Photo by Cpl. Joseph Digirolamo

Marines Thwart Enemy Attempts at Disrupting Governance

18 May 2006 | Cpl. Joseph Digirolamo

Marines are fighting off insurgent attacks everyday at the Government Center. The attacks are an attempt to disrupt the governance of Al Anbar at its focal point in the provincial capital. 

Despite the relentless activity the provincial government continues to function because the Marines of 3rd Battalion, 8th Marine Regiment work day and night to ensure the attacks do not interrupt the progress being made by the Governor and his staff. 

During a complex enemy attack on April 15, Kilo Company Marines received a high volume of medium machinegun, small arms and mortar fire from multiple directions. The Marines overwhelmed their attackers using combined superior and accurate fire power, including close air support as a final blow. The engagement lasted two hours and resulted in no friendly casualties or damage to equipment, bit its estimated 30 insurgents were killed in action.

After repelling the late-afternoon complex attack on the Government Center, the Marines quickly patrolled the streets to disrupt further insurgent activity in the area.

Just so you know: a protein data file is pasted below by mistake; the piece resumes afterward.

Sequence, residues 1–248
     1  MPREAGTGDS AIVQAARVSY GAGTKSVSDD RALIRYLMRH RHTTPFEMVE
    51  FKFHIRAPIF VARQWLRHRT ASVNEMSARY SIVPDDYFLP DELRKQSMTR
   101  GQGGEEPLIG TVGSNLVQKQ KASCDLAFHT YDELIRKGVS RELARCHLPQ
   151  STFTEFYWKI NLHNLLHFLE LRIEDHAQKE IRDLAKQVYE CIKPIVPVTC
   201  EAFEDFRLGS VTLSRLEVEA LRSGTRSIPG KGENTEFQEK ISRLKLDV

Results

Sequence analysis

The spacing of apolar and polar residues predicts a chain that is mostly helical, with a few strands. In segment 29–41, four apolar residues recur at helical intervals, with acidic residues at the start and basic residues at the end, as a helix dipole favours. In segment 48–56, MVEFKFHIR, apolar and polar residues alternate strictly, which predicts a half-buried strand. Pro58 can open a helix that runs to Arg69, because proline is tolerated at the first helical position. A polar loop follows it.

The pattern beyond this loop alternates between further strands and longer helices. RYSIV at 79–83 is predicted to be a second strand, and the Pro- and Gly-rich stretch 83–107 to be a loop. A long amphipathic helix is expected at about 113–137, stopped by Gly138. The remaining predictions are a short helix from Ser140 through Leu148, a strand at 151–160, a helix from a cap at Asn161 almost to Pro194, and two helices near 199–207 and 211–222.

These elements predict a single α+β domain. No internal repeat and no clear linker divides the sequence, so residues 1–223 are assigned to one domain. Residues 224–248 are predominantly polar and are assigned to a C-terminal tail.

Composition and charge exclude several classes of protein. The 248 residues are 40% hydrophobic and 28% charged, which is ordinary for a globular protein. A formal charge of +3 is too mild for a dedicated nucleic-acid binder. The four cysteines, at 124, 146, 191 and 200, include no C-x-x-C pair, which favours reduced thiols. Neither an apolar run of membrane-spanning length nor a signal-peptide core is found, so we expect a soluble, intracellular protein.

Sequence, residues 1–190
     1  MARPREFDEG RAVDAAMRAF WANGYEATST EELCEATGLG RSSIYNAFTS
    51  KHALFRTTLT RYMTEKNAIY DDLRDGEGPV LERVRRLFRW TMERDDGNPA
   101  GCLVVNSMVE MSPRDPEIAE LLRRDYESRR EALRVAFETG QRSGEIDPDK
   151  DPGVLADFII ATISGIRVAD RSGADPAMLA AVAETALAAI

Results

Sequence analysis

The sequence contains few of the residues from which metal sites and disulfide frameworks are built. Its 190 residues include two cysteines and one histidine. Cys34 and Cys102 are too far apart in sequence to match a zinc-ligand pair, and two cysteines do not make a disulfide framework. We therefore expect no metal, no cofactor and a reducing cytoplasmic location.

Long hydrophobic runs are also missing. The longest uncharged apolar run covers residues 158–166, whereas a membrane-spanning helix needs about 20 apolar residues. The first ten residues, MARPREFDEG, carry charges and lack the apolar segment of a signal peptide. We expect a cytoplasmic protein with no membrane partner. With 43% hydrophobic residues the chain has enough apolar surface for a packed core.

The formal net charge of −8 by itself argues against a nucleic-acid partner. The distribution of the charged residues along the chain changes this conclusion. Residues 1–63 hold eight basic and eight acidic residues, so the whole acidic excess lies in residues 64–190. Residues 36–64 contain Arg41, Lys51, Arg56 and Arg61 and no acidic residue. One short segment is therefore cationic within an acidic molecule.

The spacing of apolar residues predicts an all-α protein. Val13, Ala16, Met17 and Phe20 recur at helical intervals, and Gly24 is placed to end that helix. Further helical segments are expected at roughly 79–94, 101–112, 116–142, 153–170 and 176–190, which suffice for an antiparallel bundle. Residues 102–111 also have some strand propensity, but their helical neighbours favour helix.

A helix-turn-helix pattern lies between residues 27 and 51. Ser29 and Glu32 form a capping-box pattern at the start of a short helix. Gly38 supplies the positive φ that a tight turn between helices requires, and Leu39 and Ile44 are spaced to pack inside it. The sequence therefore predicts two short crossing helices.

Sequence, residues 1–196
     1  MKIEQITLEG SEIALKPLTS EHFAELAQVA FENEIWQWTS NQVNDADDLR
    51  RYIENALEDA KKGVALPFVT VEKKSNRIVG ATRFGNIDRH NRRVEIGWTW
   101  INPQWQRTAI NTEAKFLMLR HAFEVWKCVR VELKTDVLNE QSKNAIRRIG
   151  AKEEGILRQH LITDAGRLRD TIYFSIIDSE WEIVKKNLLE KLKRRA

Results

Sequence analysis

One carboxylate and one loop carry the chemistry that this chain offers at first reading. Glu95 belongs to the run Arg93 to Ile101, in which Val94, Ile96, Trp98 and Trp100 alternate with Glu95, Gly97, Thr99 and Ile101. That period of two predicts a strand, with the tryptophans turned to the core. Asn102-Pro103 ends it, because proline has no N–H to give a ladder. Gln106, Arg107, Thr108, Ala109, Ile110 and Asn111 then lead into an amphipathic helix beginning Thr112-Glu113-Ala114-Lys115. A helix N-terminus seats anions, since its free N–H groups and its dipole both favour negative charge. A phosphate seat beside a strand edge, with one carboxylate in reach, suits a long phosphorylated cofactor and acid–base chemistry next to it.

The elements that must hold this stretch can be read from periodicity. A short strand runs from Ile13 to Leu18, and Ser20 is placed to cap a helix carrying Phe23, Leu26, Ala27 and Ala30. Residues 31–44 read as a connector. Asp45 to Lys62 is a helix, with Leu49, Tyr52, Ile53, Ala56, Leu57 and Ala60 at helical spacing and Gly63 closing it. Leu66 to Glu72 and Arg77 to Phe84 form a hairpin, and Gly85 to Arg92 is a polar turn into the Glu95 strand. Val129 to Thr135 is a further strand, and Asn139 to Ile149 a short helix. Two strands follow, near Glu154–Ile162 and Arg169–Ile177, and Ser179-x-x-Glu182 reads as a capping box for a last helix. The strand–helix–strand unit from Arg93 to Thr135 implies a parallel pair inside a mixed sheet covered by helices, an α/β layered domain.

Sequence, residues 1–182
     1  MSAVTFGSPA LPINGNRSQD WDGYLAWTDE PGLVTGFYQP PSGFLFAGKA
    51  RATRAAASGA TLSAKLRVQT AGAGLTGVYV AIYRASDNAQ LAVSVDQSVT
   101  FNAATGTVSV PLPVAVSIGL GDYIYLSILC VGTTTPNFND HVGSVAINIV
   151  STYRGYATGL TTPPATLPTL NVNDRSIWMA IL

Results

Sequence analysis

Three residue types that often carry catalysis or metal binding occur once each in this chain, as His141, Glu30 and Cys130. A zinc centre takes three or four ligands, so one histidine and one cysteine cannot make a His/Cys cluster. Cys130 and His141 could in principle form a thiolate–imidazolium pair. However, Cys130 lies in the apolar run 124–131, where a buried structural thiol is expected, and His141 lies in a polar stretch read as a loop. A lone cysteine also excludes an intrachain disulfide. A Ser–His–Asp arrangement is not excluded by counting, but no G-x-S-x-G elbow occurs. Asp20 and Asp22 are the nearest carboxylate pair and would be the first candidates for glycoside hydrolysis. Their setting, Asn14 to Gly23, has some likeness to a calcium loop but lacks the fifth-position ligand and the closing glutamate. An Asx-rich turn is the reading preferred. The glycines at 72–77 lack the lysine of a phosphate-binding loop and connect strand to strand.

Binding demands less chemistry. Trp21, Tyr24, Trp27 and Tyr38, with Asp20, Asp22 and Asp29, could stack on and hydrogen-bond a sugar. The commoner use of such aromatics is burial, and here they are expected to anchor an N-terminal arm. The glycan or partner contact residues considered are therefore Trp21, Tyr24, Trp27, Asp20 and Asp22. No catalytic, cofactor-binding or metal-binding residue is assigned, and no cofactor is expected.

On the day after the attack, Marines from 3rd Platoon, K Company, conducted a search on a building used by insurgents to launch attacks on the Government Center.

“The search was basically for BDA (Battle Damage Assessment),” said Sgt. John T. Strobridge, a 21-year-old squad leader from Orlando, Fla. “We took a lot of contact from that building. … So we went in there because we wanted to see what was going on.”

Marines inside armored trucks set up security for other members of 3rd Platoon as they made their way inside the building.

A loud shotgun blast echoed inside the building as Marines breached through their first pad locked door. The Marines quickly entered through the door into a long corridor and began clearing the left and right side of the hallway.